A. muciniphila strain ATCC and 139 were cultured anaerobically (80% N2, 10% CO2, and 10% H2) in synthetic media to stationary phase (Plovier et al., 2017). For preparation of bacterial culture supernatant (BCS), bacterial density was set to 0.2 (OD 600) in unfermented synthetic media, then centrifuged at 8000 × g for 20 min. The BCS was collected in another tube, sterilized using a 0.22 μm filter (Merck Millipore, MA, USA) and stored at −80°C. Bacteria for gavage were collected after centrifugation, washed once with 5 ml of anaerobic phosphate buffered saline (PBS, pH = 7.4), then resuspended in anaerobic PBS to a density of 2 × 1010 cfu/ml. The suspension was distributed into 4 ml centrifuge tubes (150 μl/tube) to which was added 150 μl PBS with 50% glycerin, mixed thoroughly and stored at −80°C. Before gavage, the stored bacterial cells were defrosted anaerobically and diluted to 1 × 109 cfu/ml by adding 2,700 μl of anaerobic PBS.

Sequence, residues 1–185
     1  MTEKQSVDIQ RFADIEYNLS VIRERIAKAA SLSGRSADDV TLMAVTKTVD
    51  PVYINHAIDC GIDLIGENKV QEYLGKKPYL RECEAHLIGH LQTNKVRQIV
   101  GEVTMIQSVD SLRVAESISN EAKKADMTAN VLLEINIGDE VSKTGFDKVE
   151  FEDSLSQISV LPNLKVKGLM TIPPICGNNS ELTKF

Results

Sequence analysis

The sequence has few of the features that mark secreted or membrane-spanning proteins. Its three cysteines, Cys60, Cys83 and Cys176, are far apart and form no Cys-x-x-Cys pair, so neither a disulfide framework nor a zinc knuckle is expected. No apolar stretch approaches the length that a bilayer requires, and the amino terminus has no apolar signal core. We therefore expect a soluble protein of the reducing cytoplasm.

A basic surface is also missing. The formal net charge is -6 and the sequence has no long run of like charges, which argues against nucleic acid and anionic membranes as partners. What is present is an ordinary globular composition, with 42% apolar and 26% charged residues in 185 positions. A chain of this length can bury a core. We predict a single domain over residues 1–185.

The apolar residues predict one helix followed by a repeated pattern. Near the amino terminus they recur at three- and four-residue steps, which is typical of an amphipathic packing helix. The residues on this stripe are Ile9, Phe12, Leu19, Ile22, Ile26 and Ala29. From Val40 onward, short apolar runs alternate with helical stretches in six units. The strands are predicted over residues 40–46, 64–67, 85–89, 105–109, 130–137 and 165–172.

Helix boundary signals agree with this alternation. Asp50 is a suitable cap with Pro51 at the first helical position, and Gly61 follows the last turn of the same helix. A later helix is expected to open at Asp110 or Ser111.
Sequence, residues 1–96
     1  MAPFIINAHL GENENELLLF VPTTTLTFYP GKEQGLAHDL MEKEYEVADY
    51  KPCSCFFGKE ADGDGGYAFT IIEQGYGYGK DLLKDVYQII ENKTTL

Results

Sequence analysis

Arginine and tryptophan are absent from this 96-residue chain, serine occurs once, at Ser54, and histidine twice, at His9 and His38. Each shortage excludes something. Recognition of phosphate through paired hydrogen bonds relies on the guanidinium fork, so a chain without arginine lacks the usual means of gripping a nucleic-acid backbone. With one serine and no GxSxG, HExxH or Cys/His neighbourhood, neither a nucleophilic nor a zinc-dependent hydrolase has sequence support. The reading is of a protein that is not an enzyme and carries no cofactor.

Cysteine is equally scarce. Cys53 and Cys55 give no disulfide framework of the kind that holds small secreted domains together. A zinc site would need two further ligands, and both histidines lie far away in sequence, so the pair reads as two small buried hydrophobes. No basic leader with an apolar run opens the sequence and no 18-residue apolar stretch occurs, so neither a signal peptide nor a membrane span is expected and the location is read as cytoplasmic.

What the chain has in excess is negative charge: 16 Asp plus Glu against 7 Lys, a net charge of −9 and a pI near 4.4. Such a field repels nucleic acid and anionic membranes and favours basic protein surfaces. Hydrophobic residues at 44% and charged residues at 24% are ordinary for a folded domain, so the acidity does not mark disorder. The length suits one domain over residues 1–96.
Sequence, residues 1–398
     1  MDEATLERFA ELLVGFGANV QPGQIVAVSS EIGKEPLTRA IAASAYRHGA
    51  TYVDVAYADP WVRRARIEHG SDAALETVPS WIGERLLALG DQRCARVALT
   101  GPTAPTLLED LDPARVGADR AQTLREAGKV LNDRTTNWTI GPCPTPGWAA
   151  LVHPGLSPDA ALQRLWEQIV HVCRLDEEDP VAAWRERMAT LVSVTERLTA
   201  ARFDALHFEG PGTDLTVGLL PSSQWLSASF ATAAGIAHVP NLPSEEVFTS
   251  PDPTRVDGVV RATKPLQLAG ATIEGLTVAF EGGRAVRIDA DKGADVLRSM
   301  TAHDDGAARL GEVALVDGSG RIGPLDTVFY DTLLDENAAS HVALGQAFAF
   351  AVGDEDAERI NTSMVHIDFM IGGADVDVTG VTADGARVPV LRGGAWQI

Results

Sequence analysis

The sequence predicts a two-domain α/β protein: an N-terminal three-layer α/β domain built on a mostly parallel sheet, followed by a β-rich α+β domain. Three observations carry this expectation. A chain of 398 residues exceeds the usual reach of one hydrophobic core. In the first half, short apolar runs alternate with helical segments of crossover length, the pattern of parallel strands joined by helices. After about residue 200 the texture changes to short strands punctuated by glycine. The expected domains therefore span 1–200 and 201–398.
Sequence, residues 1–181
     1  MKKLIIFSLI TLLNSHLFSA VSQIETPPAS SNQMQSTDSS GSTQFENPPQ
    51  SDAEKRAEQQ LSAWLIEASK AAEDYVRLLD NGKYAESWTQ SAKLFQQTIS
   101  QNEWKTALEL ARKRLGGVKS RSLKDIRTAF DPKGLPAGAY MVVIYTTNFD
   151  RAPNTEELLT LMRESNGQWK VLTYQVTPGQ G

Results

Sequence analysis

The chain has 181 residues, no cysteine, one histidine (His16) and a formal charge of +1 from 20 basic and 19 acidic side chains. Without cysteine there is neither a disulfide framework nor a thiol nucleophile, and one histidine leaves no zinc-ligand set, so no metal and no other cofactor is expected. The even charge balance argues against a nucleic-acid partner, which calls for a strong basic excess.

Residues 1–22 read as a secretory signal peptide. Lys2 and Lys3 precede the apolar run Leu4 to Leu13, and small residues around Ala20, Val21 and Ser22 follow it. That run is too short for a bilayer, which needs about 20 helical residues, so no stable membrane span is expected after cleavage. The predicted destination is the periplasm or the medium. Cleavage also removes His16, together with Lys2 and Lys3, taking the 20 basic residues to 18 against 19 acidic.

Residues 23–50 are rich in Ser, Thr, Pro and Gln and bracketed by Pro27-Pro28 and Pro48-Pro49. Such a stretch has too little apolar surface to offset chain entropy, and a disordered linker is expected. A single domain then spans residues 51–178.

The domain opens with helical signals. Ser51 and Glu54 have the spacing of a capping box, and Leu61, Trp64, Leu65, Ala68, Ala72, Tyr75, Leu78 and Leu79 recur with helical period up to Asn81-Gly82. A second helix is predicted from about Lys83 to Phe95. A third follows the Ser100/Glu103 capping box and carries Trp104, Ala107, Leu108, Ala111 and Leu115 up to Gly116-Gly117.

Whole-Genome Sequencing and Analysis of A. muciniphila Strains
Whole-genome DNA of A. muciniphila strain 139 was extracted with the blood and cell culture DNA kit (Qiagen, USA) and sequenced with the PacBio RSll platform (Nextomics Biosciences, Wuhan, China). Subreads of the sequence were assembled into a single complete chromosome using the HGAP 2.3.0 pipeline (Chin et al., 2013). The genome sequence of A. muciniphila ATCC BAA-835 was downloaded from the NCBI nucleotide database with accession no. NC_010655.